In the New York Sun today, John Goodrich has a review of the "indefintely postponed" Salander-O'Reilly shows. It begins:
"As one of the city's premier galleries for over three decades, Salander-O'Reilly has mounted numerous museum-quality shows featuring the likes of Rembrandt, Turner, and Constable. The art world is currently holding its breath over the latest developments at the gallery. A rash of lawsuits brought against the gallery has resulted in the indefinite postponement of what was to have been its most spectacular project yet: two exhibitions of master artworks organized in association with Whitfield Fine Art, a London gallery specializing in Italian Baroque art."
And he has this to say about the $100 million "Caravaggio:"
"Following its recent cleaning, 'Apollo the Lute Player,' long thought to be a copy, has recently been identified by authorities as an autograph work. It seems even to predate the two previously known versions of the subject, because the artist's corrections — visible in X-rays — and the canvas's close conformity with a description of the painting from around 1625 suggest that it is the original. (Sotheby's, which auctioned the canvas in 2001, has questioned the attribution.) Like most works here, it was to be available for purchase, for a reported $100 million."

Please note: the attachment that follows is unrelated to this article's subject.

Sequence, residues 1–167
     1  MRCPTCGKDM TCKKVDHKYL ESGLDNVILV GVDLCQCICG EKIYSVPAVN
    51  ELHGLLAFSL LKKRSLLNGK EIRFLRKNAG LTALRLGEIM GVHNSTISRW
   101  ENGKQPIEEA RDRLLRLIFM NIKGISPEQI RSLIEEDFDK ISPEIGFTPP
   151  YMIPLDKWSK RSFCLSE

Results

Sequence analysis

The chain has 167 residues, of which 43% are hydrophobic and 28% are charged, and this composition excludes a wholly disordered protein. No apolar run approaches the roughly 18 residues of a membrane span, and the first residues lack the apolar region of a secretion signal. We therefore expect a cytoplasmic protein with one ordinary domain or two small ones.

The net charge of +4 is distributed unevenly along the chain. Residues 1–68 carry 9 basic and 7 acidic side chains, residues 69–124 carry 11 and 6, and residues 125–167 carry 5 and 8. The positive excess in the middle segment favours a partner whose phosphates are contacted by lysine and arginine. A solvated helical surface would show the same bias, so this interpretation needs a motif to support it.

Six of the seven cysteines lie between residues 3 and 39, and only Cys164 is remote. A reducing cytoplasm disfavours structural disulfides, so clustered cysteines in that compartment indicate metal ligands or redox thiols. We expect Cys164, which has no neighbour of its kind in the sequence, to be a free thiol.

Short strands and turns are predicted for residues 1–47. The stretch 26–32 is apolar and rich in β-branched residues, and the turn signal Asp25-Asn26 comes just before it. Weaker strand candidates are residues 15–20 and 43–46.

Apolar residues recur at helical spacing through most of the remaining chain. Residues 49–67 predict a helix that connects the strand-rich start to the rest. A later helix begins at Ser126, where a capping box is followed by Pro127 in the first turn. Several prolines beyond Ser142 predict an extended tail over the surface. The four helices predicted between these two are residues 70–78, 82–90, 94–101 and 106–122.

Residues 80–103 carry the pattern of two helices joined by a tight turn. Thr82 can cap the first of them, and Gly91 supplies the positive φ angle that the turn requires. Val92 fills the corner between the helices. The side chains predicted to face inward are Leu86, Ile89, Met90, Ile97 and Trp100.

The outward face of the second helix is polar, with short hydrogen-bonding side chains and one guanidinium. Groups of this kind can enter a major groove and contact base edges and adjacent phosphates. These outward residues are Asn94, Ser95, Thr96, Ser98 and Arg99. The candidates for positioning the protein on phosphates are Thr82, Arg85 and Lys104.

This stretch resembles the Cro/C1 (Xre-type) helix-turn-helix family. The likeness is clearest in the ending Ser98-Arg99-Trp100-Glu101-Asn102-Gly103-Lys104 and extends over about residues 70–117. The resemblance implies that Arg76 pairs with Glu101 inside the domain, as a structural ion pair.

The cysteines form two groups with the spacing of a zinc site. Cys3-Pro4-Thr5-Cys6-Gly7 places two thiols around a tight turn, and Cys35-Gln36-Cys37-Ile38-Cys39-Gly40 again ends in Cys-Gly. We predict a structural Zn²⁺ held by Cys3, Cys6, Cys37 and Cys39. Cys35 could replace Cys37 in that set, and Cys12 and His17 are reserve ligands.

In the end, "the immense, unique reward of these two exhibitions is that they allowed one to experience and reconsider great art in an intimate setting. [They] would have been ravishing shows. One hopes that, in whole or part, they will at some point become available for public viewing."
UPDATE: Bloomberg reports that, by court order, the gallery is being padlocked until at least tomorrow. The Maine Antique Digest discusses the efforts by Whitfield to keep the (alleged) Caravaggio out of the reach of Salander's creditors ("The facts are very simple. Salander does not own the Caravaggio, and did not pay for the restoration. It was loaned to the Galleries specifically for the Show. It was not for sale and is not for sale.").